Advice to younger self “Take out insurance!”
Paul: Some people use leverage(debt) in a way that brings a larger investment upside and a stream of cash flow (Robert Kiyosaki, GrantCardone, Graham Stephan to name a few). What are your thoughts on the utilization of debt to attempt to achieve higher returns?
Brendan: I use this concept myself in property investments. It really works. I would however caution anyone considering this to attend courses, read books and really be sure that you understand the risks and are able to carry yourself through the tough times. You need to have a good buffer fund in place and be able to analyse your investment strategy to know whether it is working or not.
If it’s a guessing game and you’re hoping for the best then I’d be worried.
Paul: With all that is happening right now in the world with the pandemic, are there any specific finance or investments tips you would encourage readers to consider getting through the other side in a fruitful manner?
Brendan: Everyone’s situation is so different that I would hate to offer some kind of “one size fits all” advice. I’d simply say that we don’t know how long this will last, what the effects on the economy will be, and what our families job situations will be like. Be cautious with your money now. Don’t make rash decisions and try (as far as possible) to avoid increasing your debt.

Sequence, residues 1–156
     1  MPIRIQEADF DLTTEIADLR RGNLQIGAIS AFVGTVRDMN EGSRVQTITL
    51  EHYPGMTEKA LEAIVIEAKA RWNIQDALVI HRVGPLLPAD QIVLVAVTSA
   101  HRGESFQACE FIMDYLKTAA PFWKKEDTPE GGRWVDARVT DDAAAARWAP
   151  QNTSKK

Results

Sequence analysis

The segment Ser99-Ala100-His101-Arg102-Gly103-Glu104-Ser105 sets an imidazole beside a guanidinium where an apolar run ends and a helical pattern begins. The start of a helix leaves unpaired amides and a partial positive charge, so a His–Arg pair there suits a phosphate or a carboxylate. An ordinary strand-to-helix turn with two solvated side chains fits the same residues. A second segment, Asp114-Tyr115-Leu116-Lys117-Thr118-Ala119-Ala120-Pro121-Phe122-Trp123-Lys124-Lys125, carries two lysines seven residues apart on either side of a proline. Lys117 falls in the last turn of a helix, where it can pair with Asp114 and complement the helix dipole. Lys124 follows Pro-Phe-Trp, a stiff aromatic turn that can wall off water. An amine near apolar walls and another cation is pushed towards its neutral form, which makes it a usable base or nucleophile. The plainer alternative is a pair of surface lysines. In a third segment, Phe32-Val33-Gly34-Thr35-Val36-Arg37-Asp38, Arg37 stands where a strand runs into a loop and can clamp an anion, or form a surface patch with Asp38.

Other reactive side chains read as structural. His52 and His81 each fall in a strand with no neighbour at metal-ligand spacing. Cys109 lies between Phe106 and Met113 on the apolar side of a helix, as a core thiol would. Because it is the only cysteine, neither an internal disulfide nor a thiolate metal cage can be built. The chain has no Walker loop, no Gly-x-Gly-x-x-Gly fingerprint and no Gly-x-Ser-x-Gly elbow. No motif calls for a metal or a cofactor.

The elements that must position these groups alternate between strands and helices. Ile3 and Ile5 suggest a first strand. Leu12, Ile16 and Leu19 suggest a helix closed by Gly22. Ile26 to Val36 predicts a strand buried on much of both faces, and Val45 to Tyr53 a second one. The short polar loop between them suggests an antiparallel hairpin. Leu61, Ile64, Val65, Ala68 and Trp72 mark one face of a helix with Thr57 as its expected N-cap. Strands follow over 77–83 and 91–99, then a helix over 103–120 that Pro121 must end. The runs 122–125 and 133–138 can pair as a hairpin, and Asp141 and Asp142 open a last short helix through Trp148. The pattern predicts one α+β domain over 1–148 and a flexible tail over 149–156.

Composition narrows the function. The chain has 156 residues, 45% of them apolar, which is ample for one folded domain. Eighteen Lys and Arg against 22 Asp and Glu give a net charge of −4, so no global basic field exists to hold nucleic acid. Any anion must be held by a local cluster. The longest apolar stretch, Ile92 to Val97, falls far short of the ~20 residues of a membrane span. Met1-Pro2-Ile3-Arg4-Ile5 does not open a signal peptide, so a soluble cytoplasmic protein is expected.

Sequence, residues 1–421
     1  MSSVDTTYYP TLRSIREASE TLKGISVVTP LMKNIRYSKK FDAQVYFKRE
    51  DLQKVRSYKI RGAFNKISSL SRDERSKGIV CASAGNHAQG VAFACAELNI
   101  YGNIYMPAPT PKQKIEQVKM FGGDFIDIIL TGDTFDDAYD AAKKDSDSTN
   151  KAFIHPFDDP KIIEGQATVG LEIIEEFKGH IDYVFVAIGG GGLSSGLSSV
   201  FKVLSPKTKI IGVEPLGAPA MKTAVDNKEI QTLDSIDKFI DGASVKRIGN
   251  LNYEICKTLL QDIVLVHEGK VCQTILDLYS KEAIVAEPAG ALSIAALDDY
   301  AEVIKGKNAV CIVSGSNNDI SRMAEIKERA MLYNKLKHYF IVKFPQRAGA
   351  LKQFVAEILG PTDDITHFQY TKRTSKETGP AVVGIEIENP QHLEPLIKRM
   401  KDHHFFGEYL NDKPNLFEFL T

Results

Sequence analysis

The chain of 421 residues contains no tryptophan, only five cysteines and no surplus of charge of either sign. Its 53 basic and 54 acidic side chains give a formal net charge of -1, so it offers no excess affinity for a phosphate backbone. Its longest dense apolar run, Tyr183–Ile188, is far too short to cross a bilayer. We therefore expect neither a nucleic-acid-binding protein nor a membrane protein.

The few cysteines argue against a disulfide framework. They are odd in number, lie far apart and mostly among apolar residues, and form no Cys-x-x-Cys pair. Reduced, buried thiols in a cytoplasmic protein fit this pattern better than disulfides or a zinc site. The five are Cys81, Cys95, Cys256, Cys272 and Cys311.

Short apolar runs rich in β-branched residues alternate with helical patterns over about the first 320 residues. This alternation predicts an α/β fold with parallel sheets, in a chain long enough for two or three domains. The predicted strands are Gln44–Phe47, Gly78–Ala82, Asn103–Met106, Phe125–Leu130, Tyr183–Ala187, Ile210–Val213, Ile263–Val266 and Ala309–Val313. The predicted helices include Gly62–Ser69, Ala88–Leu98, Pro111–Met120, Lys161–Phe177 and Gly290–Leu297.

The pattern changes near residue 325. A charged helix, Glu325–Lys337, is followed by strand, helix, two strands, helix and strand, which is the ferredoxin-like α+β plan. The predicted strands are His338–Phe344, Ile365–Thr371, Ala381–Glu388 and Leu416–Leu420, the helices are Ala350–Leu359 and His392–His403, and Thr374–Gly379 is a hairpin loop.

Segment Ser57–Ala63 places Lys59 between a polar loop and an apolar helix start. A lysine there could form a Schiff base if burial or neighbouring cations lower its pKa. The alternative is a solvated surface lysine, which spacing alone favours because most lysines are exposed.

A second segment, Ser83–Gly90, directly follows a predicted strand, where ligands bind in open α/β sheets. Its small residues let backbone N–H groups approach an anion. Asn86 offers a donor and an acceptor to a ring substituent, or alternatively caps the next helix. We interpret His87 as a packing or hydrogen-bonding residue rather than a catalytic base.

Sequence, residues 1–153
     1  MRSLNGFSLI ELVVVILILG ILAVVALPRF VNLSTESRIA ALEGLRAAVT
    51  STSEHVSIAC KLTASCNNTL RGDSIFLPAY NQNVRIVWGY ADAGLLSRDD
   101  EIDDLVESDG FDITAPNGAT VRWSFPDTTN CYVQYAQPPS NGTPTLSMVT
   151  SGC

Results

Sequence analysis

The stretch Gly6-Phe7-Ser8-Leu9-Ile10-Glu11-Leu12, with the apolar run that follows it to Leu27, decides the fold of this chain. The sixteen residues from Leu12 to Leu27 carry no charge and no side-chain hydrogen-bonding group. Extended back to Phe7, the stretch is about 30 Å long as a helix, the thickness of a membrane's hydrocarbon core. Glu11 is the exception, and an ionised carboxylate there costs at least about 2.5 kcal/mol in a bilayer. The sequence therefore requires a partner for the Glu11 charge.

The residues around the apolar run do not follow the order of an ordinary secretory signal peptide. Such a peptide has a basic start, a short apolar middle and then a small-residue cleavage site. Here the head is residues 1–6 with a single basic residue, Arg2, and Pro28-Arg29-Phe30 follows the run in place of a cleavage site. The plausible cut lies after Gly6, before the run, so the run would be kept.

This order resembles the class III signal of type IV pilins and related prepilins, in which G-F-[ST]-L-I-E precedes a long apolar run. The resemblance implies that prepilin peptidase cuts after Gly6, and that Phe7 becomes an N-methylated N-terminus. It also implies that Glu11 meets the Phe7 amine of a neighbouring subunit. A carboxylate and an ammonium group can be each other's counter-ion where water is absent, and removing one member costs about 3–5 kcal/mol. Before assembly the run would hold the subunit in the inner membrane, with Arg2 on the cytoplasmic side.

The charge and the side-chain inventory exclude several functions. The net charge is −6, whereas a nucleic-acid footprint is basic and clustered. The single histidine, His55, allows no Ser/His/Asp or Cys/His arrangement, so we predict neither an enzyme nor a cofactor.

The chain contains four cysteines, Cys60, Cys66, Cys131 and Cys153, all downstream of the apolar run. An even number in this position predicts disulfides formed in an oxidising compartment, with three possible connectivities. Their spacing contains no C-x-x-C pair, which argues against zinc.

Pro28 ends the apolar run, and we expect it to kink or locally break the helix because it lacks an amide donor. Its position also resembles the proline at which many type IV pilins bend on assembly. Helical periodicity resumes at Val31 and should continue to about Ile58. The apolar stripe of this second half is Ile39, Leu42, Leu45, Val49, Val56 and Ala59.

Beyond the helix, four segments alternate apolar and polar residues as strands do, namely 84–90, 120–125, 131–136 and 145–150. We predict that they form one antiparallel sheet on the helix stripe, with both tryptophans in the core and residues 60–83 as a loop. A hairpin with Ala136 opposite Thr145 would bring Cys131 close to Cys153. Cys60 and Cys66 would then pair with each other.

Paul: Thanks for your time Brendan! I appreciate your wisdom on all things money and finance. Let’s stay in touch!
Please visit Brendan’s website for more information on taking control of your money! Link is below.
Nothing stated in this article is a recommendation from Forehand Financial to buy or sell a particular security or asset class. You should wisely consider your tolerance for risk, time horizon, and financial goals before making an investment. With investing, you run the risk of losing money, always read an investment prospectus and make an informed decision before allocating capital to a particular investment.